Shahada

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Allah
Allāh - (الله)

Islamic God

Silver coin of the Mughal Emperor Akbar with inscriptions of the Islamic declaration of faith, the declaration reads: "There is none worthy of worship but God, and Muhammad is the messenger of God."

The shahada (Arabic: الشهادةaš-šahādah About this sound audio) (from the verb شهد šahida, "he witnessed"), means "to know and believe without suspicion, as if witnessed, testification"; it is the name of the Islamic creed. The shahada is the Muslim declaration of belief in the oneness of God (tawhid) and acceptance of Muhammad as God's prophet. The declaration in its shortest form reads:

لا إله إلا الله محمد رسول الله (lā ʾilāha ʾillā l-Lāh, Muḥammad rasūlu l-Lāh) (in Arabic)
There is no god but God, Muhammad is the messenger of God. (in English)

In Shia Islam, the creed is expanded with the addition of a phrase concerning Ali at the end:

وعليٌ وليُّ الله (wa ʿAliyyun waliyyu l-Lāh) ["and Ali is the wali (friend; viceregent) of God"].[1]

Contents

Overview

The word shihādah (شِهادة) is a noun stemming from the verb shahadā (شَهَدَ) , meaning "he observed, witnessed, or testified"; when used in legal terms, shihādah is a testimony to the occurrence of events, such as debt, adultery, or divorce.[2] The shihādah can also be expressed in the dual form shihādatān (شِهادَتانْ, lit. "two testimonials"), which refers to the dual act of observing or seeing and then the declaration of the observation.The person giving the testimony is called a shāhid (شاهِد), with the stress on the first syllable. The two acts in Islam are observing or perceiving that there is no god but God and testifying or witnessing that Muhammad is the messenger of God. In a third meaning, shihādah or more commonly istishhād (إسْتِشْهادْ), means "martyrdom", the shahīd (شَهيد) pronounced with stress on the last syllable ("martyr") demonstrating the ultimate expression of faith.[3] Shahīd can also be used in a non Moslem religious context. Long before the advent of Islam, Christian Arabs of the Middle East used the word shahīd referencing to someone that was wrongly killed or someone that died for his family, his Christian faith or his country. The two words shāhid (شاهِد, "witness") and shahīd (شَهيد, "martyr") are pre-Islamic. Both are paradigms of the root verb (شَهَدَ, shahadā, "he observed").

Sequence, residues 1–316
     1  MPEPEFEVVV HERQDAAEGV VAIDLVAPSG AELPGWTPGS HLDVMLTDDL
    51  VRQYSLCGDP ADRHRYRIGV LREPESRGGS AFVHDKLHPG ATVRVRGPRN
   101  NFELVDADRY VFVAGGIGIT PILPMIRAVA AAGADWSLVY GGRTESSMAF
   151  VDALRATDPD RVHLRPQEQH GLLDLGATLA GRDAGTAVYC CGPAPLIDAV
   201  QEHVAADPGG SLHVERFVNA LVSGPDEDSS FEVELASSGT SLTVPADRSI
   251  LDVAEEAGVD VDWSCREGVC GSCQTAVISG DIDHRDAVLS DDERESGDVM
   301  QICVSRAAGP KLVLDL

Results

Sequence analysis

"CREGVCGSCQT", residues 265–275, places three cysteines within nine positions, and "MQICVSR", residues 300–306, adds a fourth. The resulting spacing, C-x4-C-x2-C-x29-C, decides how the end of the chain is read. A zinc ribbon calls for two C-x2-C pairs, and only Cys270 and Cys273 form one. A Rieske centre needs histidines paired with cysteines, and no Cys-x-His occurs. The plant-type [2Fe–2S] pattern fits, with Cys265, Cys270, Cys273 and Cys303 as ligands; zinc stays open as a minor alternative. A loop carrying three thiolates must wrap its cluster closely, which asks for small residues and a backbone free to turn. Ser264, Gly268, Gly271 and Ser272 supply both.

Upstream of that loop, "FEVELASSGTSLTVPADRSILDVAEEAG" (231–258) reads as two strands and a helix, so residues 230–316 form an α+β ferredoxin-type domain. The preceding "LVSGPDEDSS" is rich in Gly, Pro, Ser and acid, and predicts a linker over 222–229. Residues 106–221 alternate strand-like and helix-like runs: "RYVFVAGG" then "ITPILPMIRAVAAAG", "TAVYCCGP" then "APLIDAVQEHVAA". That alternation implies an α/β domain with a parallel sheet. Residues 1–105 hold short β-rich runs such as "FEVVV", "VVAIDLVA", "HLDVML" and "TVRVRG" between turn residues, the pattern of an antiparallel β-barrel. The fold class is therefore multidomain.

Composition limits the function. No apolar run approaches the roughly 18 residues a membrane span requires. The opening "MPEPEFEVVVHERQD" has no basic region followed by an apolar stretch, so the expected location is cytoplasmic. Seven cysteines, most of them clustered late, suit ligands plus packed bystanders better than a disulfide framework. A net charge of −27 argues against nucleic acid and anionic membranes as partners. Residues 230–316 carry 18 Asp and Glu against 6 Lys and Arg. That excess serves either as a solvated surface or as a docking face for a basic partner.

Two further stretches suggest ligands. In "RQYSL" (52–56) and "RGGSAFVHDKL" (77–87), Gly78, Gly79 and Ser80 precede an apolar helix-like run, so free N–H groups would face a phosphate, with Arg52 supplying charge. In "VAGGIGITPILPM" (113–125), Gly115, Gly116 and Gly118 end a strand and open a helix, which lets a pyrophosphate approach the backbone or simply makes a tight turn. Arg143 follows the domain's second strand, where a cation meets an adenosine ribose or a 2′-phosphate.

A single honest recitation of the shihādah in Arabic is all that is required for a person to become a Muslim. This declaration, or statement of faith, is called the kalimā (كَلِمة, lit. "word"). Recitation of the shihādah, the "oath" or "testimony", is the most important article of faith for Muslims. Non-Muslims wishing to convert to Islam do so by a public recitation of this creed.[4] Sunni Muslims count it as the first of the Five Pillars of Islam, while the Twelver and Ismaili Shi'a connect it to their respective lists of pillars of the faith.[5] The complete shihādah cannot be found in the Quran, but comes from hadiths.[6]

Recitation

A single honest recitation of the shahadah in Arabic is all that is required for a person to convert to Islam according to most traditional schools (madh'hab). In usage, the two occurrences of ašhadu ʾanna or similar (Arabic: اشهد أن‎, "I testify that" or "I bear witness that...") are very often omitted. The recitation of the shahadah is usually done with an Imaam and others to witness.

History

A mancus / gold dinar of the king Offa of Mercia, copied from the dinars of the Abbasid Caliphate (774); probably unintentionally, it still includes the Arabic text Muhammad is the Apostle of God.
Qiblah of Imam Mustansir in the Mosque of Ibn Tulun of Cairo showing the Shi'i Kalima

Another of the earliest surviving translations of the shahadah into a foreign language is in Greek, from the reign of al-Walid I (86–96 AH, 705–715 CE): Ούκ Έστι[ν θεός εἰ μὴ ὁ θεὸς μόνος·] Μααμὲ[τ ἀπόστολος θεοῦ] (Ouk esti[n theos ei mē ho theos monos;] Maame[t apostolos theou]).[7] "There is no god except for the God alone; Muhammad is the Apostle of God."; i.e., "Allah", the Arabic word for "the God", is translated as "ὁ Θεός" and Muhammad is transliterated as "Μωάμεθ".